Nu Metro’s 4DX – Star Wars: The Force Awakens Review




Like many fans, when I first learned that Nu Metro’s 4DX cinema (a first for Africa) would be showing Star Wars, I was definitely in for the ride.

Nothing could stop me. Not the hefty price (R150 a pop – excluding glasses and confectionary), not the fact that it’s been booked out nearly every day for the last month, not the distance I had to travel to see it (I currently live all the way in Langebaan). No, nothing. I mean who wouldn’t want to experience Star Wars in 4D, right? That’s an extra D. It would be revolutionary.

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What is 4DX?

Nu Metro Cinemas recently signed an agreement with ACJ 4DPLEX, creator of 4DX earlier this year – the world’s first 4D cinema technology for feature films – a partnership that will for the first time bring 4DX to Africa. 4DX, which uses motion, vibration, water, wind, lightning, scents, and more to provide moviegoers with a truly immersive experience, has been expanding at a fast pace and, with this deal, will be available in 182 auditoriums across 34 countries, with a goal to reach 300 auditoriums by the first half of 2016.

The films screened in 4DX are in HD/2D and Digital 3D on a silver curved wall-to-wall screen (9.7m wide x 5.2m high). Its audio system has been upgraded to a Dolby CP750 with 7.1 full surround sound. The Barco projector used in the cinema now also uses an upgraded lamp for brighter picture in both 2D and 3D.

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So basically, the other D is for a more immersive experience — there are really bright lights, water nozzles, motion seats, smoke machines, etc that work together with the film on screen. For example, BB-8 runs across the desert and the wind picks up — the fans in the cinema pick up and start blowing harder. The Millennium Falcon flies over the ocean and some light water sprays over your face (not too much). The camera tilts and the seats tilt with it — which often results in a rollercoaster experience, especially when the X-Wing Starfighters go into action.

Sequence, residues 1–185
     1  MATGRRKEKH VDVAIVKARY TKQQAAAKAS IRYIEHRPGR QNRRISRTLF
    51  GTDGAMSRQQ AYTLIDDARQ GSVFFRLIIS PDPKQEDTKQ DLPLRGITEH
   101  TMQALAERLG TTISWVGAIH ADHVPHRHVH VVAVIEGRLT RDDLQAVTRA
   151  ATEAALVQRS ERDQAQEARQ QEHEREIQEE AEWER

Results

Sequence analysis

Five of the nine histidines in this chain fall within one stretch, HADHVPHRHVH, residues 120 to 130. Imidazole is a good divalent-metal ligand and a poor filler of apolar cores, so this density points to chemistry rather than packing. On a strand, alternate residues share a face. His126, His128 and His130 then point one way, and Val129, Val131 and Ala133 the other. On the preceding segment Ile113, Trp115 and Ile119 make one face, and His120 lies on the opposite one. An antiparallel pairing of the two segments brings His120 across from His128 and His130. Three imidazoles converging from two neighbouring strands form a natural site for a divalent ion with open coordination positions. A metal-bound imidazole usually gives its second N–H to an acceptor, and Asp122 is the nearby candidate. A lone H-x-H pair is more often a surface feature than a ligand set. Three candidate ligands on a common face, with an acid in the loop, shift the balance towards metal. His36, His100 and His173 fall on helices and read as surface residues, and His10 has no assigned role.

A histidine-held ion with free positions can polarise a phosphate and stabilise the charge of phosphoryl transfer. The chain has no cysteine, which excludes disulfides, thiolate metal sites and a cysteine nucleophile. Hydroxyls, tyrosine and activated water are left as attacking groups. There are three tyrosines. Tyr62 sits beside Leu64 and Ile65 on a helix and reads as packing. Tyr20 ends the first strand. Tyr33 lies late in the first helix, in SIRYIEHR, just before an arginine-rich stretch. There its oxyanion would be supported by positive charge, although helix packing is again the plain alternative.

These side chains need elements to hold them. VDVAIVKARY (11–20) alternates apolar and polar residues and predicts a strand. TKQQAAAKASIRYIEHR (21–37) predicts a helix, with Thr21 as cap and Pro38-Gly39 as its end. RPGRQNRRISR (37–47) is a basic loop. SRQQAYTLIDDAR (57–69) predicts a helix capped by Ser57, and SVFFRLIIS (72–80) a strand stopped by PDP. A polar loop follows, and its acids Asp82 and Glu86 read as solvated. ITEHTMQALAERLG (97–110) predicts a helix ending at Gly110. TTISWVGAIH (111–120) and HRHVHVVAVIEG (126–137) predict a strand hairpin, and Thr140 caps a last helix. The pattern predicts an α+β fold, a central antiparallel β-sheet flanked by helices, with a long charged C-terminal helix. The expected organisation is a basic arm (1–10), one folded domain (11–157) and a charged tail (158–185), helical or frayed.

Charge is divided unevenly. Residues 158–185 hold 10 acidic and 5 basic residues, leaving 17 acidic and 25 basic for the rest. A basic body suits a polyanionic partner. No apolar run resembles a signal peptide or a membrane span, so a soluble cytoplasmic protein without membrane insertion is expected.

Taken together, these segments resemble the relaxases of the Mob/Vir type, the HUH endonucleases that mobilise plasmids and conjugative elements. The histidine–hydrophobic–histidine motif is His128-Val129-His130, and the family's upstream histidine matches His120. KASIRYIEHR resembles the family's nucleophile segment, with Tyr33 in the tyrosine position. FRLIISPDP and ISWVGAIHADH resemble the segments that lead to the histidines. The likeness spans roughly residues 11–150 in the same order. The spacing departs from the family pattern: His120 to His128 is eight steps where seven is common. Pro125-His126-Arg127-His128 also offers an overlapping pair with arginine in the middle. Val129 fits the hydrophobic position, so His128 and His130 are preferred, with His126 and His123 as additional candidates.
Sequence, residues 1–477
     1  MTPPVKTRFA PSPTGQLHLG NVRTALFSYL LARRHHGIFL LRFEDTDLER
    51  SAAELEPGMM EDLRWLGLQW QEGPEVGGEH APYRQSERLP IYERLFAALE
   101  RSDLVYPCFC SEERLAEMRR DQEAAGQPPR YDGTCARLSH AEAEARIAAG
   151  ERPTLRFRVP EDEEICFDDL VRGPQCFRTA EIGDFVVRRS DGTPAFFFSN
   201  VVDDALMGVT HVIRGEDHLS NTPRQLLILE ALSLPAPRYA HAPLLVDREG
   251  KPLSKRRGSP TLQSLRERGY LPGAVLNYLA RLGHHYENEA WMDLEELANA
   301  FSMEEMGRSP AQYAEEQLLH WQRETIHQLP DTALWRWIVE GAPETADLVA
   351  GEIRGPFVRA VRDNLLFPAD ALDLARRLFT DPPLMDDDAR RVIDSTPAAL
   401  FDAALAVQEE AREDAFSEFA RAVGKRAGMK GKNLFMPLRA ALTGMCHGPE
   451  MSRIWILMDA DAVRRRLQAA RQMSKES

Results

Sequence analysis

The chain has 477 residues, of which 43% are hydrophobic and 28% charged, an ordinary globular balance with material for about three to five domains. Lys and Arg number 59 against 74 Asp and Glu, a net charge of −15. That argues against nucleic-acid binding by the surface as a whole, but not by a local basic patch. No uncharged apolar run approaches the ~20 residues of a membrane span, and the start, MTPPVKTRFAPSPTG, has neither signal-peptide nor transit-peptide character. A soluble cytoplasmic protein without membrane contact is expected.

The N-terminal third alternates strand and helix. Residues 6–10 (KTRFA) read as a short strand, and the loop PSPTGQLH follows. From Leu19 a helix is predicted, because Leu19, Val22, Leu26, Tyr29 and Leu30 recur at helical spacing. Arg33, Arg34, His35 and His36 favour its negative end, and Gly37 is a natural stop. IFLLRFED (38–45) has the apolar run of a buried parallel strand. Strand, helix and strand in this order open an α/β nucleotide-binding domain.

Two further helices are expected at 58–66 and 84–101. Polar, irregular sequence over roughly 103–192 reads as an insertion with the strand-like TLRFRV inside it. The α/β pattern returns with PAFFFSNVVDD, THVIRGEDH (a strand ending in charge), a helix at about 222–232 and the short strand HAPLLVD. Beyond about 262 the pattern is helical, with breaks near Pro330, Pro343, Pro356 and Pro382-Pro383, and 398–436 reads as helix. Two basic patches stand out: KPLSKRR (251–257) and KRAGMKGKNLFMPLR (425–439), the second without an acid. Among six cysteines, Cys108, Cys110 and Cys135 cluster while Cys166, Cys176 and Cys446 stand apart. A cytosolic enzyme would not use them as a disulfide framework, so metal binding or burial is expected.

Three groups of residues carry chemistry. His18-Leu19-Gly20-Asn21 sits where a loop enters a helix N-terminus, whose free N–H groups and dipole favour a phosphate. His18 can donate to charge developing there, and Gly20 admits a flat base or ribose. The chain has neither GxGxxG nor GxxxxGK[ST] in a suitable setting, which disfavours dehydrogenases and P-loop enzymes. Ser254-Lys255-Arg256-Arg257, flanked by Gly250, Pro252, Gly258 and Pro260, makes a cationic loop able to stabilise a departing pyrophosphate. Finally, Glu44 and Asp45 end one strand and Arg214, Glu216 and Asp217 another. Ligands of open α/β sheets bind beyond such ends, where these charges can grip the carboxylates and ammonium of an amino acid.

Below is an ad that probably explains it a little better.

Is this the best way to watch Star Wars?

The answer is an uncertain yes. I’m thankful that I had seen The Force Awakens before seeing it in 4DX, which one could argue distracts the audience from the actual film. I found myself more in awe of the experience and waiting for the next bump rather than paying attention to the story unfolding. Imagine watching Star Wars while on a rollercoaster ride. That sorta-kinda-maybe explains it. It’s a super fun, super loud and super in-your-face experience, but feels more like a theme park experience than a movie-going experience. For the most part, the 4D effect works. At points I felt as if I was actually in the movie somewhere, peeking out and watching everything from behind a rock. It’s that immersive.

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Of course, the seat jerking up and down with the movement of the camera can become a bit much. At times, I felt like getting off the ride. With the duration clocking in at over two hours, there was only so much gusts of wind, bright flashes of light and rumbling in my seat that I could take. I was shaken and thrown around my seat quite a bit. It’s no wonder that the cinema prohibits children under five, pregnant women, people with heart problems and people with physical disabilities. If you’re epileptic or don’t enjoy bright lights, then this probably isn’t for you either. At every explosion, the cinema lights up and, at times, this could cause a few headaches.

But of course, it’s all in the name of fun. And nobody can deny that 4DX is loads of fun. It’s a unique cinema experience unlike any other. Or at least, it’s a very cool idea.

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Do you recommend it?

Yes, definitely. At least once. You’ll never again get a chance to experience a movie like this in this way. 4DX is not the way I’d choose to watch every movie. I can see it becoming annoying very quickly. However, it is worth seeing some of the bigger blockbusters this way. I mean what are popcorn movies for anyway? They’re made to be a fun cinema experience and 4DX really forces an active viewer experience.

Also, at R150, it isn’t easy to justify seeing a movie every week. That’s quite a hefty price to pay when you consider that the Blu-ray home release might cost you around the same amount. R150 is a lot of money for most people and I can imagine this is probably the most expensive cinema ticket in the country at the moment. That’s also excluding the additional 3D glasses you have to purchase, the cost of popcorn and cooldrink, your parking ticket and traveling costs. Taking the family along could leave a huge dent in your wallet.

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What could have improved the experience?

Less shaking. Seriously, the shaking can become annoying. You’ll need to hold onto your popcorn really tight. Also, I was hoping for snow during the film’s finale and warm air during scenes with fire. The smells aren’t that great either. That could be improved tremendously. Although, I could smell the sea here and there, it wasn’t that distinctive. The smoke and mist could be pushed further, while the lighting effects definitely need to be dimmed.

Conclusion

If you already hate 3D, then you probably won’t even bother with 4D. It’s not for you. But those looking for something special, 4DX should prove to be fun. Let’s hope this doesn’t become the norm though. Else we’d be forced to relearn how to watch movies. Whether they are truly the future of cinematic experience remains to be seen.

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